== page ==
The fragility of HIV programmes which are dependent on international funding is a pressing issue. Satayu asserts that collaboration between key population-led organisations and government agencies is vital.
“Organisations have built and leveraged their expertise in finding hard to reach people and bringing them into the cascade of care services. On the other hand, government agencies also play an indispensable role towards public healthcare. We need to convince the government about our demonstrated capacity to provide HIV services to key populations,” he said. “No one can end AIDS alone – we must work together and support each other.”
Sharing knowledge among those working on sustainable HIV financing is also important.
“After several unsuccessful attempts in the past to present at the IAS conferences, this was the first time that Caremat was able to present its work,” Duangkamol Donchaum of FHI360 told aidsmap.
“Key population-led organisations are doing important work on HIV care and control, as well as making headways on sustainable financing and funding diversification,” she continued. “They must get space to present, learn and share at global meetings.”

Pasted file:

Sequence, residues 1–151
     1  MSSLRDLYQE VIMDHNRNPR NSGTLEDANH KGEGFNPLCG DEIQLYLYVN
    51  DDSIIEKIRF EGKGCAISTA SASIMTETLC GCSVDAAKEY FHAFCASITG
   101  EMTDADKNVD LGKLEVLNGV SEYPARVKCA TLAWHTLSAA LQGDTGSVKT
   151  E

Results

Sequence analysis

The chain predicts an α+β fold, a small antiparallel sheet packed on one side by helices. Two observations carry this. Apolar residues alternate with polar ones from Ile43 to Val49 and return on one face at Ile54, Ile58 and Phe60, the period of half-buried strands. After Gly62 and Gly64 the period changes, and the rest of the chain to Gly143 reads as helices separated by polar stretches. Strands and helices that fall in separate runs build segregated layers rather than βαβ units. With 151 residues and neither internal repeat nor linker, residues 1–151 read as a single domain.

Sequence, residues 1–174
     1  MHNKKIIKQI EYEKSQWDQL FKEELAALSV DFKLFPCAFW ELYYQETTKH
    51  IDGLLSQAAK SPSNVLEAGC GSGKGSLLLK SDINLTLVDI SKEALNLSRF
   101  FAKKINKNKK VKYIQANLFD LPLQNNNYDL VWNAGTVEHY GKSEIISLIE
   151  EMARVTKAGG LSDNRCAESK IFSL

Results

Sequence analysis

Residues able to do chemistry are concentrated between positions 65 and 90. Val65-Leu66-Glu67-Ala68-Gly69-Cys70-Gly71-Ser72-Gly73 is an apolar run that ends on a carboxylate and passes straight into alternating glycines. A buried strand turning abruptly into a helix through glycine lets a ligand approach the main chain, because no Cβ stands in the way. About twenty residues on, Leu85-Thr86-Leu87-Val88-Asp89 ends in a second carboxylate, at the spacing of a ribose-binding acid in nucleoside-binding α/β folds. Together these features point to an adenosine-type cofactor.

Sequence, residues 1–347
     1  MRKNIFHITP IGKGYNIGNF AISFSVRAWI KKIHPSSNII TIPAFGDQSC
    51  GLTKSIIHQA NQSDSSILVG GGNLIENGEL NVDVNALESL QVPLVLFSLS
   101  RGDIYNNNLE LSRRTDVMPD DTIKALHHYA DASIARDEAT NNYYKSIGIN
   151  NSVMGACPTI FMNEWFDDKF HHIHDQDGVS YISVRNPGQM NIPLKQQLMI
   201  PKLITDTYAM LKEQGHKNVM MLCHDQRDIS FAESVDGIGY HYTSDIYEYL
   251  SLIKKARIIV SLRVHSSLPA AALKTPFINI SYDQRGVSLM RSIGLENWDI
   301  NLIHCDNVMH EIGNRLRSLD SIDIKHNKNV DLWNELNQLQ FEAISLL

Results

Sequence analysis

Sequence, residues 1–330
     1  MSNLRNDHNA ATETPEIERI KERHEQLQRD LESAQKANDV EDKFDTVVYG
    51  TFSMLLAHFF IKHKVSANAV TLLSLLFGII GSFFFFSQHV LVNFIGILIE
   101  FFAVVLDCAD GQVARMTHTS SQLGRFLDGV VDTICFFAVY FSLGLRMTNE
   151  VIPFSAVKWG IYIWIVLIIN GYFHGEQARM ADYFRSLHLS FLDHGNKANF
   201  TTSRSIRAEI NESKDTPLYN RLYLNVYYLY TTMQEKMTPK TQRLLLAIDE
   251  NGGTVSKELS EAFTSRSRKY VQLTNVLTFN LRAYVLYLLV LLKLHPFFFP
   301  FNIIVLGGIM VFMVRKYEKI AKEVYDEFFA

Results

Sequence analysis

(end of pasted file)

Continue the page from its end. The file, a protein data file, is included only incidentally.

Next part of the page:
Sittikarn S et al. Sustaining key population-led HIV services as international donor funding declines: fragile success in domestic financing and social enterprise development in Thailand. 12th IAS Conference on HIV Science, Brisbane, abstract EPE0879, 2023.
Full image credit: Mplus extends HIV services with public financing to Chiang Rai. Image by Wiraporn Srisuwanwattana, USAID. Available at www.flickr.com/photos/usaidasia/27234729458 under a Creative Commons licence CC BY-NC 2.0.